Published: 2005

“I didn’t find Jack Reacher to be a particularly likeable or relatable character.”


What Is ‘One Shot’ About?

Six shots. Five dead.
A heartland city thrown into terror. But within hours the cops have it solved. A slam-dunk case. Apart from one thing. The accused gunman refuses to talk except for a single phrase:
Get Jack Reacher for me.
Reacher lives off the grid. He’s not looking for trouble. But sometimes trouble looks for him. What could connect the ex-military cop to this psychopathic killer?

Why Did I Read ‘One Shot’?

Reading a Lee Child novel (or a ‘Jack Reacher’ novel even) was sort of inevitable. More than enough smoke has been made from Lee Child’s Jack Reacher series and this came across like the perfect holiday read.
I also held the suspicion that this would be closer to the sort of novel I was hoping to read when I read Tom Clancy – Support and Defend.
That’s it. Nothing more.

What I Liked About ‘One Shot’

The overall story was well thought through, a tight and compact plot that doesn’t get bogged down with too many sub plots.
‘The Zec’ is an interesting and memorable villain with a great backstory. He had the persona of a Bond villian, but with motivations that were grounded and believable.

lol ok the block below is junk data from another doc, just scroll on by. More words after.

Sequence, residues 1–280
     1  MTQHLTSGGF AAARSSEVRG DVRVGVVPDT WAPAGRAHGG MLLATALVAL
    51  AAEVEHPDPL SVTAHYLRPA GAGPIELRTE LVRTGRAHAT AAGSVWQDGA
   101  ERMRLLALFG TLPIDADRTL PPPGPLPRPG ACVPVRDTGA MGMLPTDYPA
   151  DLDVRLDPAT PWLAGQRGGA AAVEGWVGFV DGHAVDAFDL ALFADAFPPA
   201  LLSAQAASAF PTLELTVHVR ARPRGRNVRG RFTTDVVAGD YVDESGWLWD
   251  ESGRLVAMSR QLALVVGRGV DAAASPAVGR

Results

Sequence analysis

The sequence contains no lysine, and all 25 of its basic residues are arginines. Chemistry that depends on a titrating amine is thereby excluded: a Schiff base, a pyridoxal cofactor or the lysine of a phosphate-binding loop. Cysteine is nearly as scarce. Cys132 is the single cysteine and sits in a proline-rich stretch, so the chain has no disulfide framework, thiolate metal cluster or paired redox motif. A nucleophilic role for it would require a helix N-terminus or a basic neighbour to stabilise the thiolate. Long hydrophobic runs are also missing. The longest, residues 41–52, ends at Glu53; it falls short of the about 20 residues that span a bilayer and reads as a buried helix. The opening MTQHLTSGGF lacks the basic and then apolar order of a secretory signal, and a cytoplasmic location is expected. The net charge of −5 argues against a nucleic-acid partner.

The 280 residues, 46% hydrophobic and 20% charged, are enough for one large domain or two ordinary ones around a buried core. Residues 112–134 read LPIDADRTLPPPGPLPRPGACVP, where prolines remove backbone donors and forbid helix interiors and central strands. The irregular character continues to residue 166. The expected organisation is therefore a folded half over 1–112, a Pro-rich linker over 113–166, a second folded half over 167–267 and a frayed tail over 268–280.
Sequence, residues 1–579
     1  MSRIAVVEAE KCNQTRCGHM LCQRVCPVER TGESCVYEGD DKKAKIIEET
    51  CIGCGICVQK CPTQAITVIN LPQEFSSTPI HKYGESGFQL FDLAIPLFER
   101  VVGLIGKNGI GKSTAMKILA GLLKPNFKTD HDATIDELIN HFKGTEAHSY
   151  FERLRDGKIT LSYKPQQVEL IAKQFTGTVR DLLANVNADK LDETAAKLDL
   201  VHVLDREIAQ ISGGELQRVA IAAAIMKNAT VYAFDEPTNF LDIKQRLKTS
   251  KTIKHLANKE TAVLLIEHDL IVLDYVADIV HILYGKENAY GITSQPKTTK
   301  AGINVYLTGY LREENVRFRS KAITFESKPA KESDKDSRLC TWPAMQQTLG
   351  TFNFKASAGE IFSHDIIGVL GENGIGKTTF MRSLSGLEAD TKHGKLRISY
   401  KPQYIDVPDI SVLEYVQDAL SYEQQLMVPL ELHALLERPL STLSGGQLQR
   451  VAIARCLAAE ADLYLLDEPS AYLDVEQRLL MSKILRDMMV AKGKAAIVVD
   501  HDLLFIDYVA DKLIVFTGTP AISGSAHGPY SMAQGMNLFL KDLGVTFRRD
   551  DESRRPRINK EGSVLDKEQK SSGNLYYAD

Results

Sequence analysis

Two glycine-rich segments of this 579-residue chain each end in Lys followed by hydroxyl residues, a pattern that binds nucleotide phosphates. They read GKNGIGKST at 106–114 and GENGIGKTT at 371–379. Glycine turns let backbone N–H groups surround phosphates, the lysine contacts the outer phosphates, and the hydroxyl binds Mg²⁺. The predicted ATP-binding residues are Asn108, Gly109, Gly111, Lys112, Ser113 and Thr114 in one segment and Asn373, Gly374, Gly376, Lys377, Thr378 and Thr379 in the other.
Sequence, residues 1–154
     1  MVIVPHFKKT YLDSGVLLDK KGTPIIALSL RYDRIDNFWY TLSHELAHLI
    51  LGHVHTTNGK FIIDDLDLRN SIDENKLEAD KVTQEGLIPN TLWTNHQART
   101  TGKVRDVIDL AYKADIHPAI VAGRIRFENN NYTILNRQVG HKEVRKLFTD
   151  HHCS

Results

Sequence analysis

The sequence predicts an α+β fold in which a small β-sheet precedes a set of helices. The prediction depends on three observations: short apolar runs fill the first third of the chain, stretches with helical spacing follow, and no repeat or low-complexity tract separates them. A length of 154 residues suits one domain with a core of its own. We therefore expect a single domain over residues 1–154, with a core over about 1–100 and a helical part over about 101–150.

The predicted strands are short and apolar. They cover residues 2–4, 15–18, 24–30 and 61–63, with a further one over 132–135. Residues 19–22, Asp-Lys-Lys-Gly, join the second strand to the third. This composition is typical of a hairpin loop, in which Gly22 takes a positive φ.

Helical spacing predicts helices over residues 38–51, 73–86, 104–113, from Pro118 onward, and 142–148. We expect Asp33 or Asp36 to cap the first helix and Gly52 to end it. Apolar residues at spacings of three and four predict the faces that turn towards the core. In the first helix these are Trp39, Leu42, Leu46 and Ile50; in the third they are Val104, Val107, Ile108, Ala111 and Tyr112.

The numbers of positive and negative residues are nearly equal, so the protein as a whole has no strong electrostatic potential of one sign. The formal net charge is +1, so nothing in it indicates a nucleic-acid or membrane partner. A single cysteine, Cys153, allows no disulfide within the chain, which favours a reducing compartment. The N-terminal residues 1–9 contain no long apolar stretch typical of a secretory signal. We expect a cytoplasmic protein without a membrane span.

What I Didn’t Like About ‘One Shot’

I wasn’t able commit to this book for more than half an hour at a time. My biggest issue was that I didn’t find ‘Jack Reacher’ to be a particularly likeable or relatable character – this just wasn’t for me. Reacher never seemed really tested or anything other than completely in control which isn’t especially endearing.
I also thought that some of the other characters looked to him too desperately for my liking.
When Reacher is explaining what he’s figured out it is often dragged out, almost like he’s gloating.
The ending is satisfying but a bit too easy going. Everything sort of goes to plan. Reacher goes through the motions and then taunts his adversary. I would have preferred some difficulty or something not going in his favour.
This perhaps is my fault. I may have put these novels on a pedestal before giving one a chance.

Good Or Bad

Was this book any good? I would still say that it’s a well written page turner. A good holiday read, but it’s not as clever as it wants to be.
Would I recommend it? No, not this one. I reckon there’s better Reacher novels out there which would have earnt Lee Child his reputation.
Would I read it again? No.


Here are some other reviews:

Slaughterhouse-Five by Kurt Vonnegut
Paper Towns by John Green
Parable Of The Sower by Octavia E. Butler
The Fault In Our Stars by John Green
Gone Girl by Gillian Flynn
On Writing (A Memoir Of The Craft) by Stephen King
The Big Short by Michael Lewis

What’s on the list?
The Hidden Legacy by GJ Minett (currently reading)
The Wasp Factory by Iain Banks
Parable of the Talents by Octavia E. Butler
If I Stay by Gayle Forman
The Perks Of Being A Wallfower by Stephen Chbosky


Any suggestions?

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David P. Philip

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